Additional Trailer TypesEach of these have slightly different specifications. A few things to note are trailer deck height, overall trailer deck width and length, making sure that the axles are rated according to the demands of the home (dual 5K axles =< 18′ / dual 7K axles =>20′), running lights, electric brakes (a must have), high load radial tires, and minimally curved fenders around the wheels. Other great added features are drop axles and galvanized and coated under flashing to deter road debris, as well as rodents and weather.

Check out TinyHomeBuilders custom trailer overview video…

Tumbleweed Trailer AnatomyKeep in mind that DOT has regulations on trailer size limitations and these vary from state to state. link for more info

Feel free to toss up any question below and I’ll try to get back to you as soon as possible.

Interior Wall Structure & Treatments

I’ve been racking my brain at to what I’d use for the interior paneling in the TinyGiant. There are many options out there. It really comes down to two main questions; what is the aesthetic look I want to create while helping me achieve the functional rigidity demanded of travel?

First, let’s deal with function.

Functionality: This may all be obvious, but you’re building a home on a trailer that can bend and twist in transit and on-site prior to dropping your footers. That said, the home will be moving with the trailer and movement equals racking.

You want to choose an interior material that will move with the home without cracking, or buckling. Needless to say, gypsum (drywall) is definitely out of the question.pine wood interior - tongue and groove

One popular material is 1/2 pine tongue and groove board. If you happen to like the look of tongue and groove board this may be an option for you. I particularly do not, plus the idea of having this cover  my entire house, walls and all, is a bit aesthetically distracting and it’s a crap ton of wood everywhere.


Another route would be to use 1/2 plywood. Plywood comes in many different finish grades and veneers, which can be great if you’re particular like me about wood grains and coloring (tonality).

One thing to keep in mind is how the boards line up. You should be staggering the boards as they go up, so you will have noticeable seem transitions. Now, you could stay raw with the seams (keeping in mind that you want to leave 1/8″ gap between them for expansion/contraction/movement), but you could also borrow techniques like board and batten to cover seams. While this technique can be seen dominantly on exteriors it can create nice eye movement from low to high making the home feel a bit more spacious.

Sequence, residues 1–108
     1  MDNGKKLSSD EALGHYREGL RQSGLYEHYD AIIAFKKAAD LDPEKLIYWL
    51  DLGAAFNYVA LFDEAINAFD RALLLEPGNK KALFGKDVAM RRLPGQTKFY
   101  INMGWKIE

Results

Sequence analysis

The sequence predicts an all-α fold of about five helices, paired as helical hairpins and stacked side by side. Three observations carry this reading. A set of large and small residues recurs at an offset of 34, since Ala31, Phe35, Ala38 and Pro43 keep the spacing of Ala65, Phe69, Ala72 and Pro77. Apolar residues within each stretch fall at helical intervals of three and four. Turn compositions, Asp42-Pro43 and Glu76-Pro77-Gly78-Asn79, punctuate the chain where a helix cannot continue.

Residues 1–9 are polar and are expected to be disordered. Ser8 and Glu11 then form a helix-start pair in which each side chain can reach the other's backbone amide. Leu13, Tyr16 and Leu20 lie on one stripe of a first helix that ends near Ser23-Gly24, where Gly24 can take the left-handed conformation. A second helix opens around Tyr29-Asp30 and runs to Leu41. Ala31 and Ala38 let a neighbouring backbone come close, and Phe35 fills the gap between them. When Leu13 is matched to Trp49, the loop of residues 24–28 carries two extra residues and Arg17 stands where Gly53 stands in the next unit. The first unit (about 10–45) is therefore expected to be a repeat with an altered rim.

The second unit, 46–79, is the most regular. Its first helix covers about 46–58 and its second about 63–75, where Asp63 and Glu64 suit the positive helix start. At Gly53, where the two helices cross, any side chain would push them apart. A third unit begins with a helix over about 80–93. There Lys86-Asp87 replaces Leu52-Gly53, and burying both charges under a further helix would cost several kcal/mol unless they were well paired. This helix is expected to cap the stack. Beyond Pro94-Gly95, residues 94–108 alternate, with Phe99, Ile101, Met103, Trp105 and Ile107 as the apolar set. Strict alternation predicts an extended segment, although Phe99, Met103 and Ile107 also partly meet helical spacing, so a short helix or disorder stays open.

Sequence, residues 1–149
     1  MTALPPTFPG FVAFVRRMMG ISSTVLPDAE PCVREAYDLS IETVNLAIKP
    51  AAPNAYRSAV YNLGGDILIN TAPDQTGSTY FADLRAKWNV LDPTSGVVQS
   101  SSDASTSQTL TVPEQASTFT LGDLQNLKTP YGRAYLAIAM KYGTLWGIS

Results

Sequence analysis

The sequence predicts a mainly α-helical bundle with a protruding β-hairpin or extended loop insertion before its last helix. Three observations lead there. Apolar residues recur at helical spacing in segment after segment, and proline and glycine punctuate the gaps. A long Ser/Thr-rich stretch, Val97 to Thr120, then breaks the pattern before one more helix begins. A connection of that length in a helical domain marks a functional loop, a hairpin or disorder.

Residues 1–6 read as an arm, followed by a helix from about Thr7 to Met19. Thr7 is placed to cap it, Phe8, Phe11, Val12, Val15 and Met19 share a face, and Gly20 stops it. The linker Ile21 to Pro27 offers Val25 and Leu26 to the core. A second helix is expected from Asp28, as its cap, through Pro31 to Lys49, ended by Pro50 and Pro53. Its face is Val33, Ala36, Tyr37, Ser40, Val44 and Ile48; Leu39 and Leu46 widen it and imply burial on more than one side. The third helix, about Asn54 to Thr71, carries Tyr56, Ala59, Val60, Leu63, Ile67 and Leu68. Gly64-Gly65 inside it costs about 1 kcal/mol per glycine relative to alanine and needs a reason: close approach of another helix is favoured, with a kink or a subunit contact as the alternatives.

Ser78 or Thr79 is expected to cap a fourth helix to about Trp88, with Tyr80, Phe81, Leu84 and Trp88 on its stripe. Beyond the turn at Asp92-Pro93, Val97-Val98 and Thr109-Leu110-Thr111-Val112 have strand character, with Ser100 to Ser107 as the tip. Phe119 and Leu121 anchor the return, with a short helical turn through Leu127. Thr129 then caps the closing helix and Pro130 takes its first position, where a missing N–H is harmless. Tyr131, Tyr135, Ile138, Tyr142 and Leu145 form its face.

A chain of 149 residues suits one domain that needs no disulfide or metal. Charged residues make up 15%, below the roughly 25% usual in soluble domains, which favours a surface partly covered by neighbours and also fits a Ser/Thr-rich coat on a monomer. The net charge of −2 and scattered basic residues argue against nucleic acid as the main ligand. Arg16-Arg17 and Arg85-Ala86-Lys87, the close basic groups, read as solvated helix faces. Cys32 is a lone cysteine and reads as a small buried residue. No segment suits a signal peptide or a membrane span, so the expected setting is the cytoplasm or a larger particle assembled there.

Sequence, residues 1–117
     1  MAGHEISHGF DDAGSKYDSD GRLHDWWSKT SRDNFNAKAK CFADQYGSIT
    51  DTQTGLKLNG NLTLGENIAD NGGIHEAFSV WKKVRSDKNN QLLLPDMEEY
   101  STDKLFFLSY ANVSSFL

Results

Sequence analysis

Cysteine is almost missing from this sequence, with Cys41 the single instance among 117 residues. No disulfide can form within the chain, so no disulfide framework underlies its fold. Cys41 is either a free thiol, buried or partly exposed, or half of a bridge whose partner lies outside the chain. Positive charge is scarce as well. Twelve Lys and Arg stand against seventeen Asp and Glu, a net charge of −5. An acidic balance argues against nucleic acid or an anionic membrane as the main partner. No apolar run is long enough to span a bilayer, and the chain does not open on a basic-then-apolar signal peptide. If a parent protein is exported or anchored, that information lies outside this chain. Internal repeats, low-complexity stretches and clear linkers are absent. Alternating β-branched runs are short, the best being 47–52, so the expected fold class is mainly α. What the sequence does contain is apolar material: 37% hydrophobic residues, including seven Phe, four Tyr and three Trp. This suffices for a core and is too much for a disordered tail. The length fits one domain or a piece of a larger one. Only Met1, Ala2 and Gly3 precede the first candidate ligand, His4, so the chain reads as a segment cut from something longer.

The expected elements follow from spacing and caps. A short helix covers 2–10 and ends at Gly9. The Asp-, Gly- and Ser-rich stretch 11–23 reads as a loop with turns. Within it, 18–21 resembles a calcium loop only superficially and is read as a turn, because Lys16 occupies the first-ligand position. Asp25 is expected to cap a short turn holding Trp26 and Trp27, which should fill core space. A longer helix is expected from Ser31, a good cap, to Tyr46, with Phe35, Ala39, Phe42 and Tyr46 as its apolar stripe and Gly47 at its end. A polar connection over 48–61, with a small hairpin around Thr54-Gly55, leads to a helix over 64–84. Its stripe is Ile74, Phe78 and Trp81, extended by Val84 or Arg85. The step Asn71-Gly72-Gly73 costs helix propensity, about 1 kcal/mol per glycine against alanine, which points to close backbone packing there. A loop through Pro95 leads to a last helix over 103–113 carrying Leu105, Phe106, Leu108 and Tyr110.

24"x24" alternating plywood interiorMy particular choice for interior finishing will be a 24″x24″ cut 1/2 ply arranged perpendicular to each adjacent piece. To me, it breaks the monotony of single large boards and doesn’t make the space as busy as tongue and groove board would.

Another option is reclaimed boards from old barn and shed structures. Forewarned, however, these will require a lot of rework to arrange them properly in the space.

Aesthetics: Creating a space you want to live in is paramount to your living experience. We spend a lot of time in our homes and creating the look and feel that fits your personality and lifestyle should be addressed. After all, this space IS tiny and you’ll never be further 4ft from any wall. 😉

There are numerous finishing applications for your tiny interior. There are innumerable stains, varnishes, paints, and everything in between on the market. Choosing a final application can be daunting. Below are a few thoughts…

Color: In my personal opinion I have seen many dark finishing treatments in tiny homes and I’m not a fan. A small space accented with a dark color will make the space feel even smaller. I guess if you are going for a cozy hibernation vibe this might work.

white interior with plyFor me, the brighter the better. Tiny homes have the advantage of having an exponentially higher square foot to window size ratio than any standard home. This lends itself well to having a ton of natural daylight. Why would you want to stifle such photonic relief with dark woods on the walls and ceiling.

So, you can probably guess where I’m going with this – White. White. White. White. There’s nothing more liberating than stepping in to a space that is slathered in white treatments. It not only makes the space feel, well, more spacious, it also reflects light around the home in much greater efficiencies. A splash of color here and there is great, but to me 70%-90% of white in your tiny home is where you want to be. Arguments for keeping white clean is a moot point me…keep your place nice, keep it clean and you will fall in love with your tiny every day you live in it.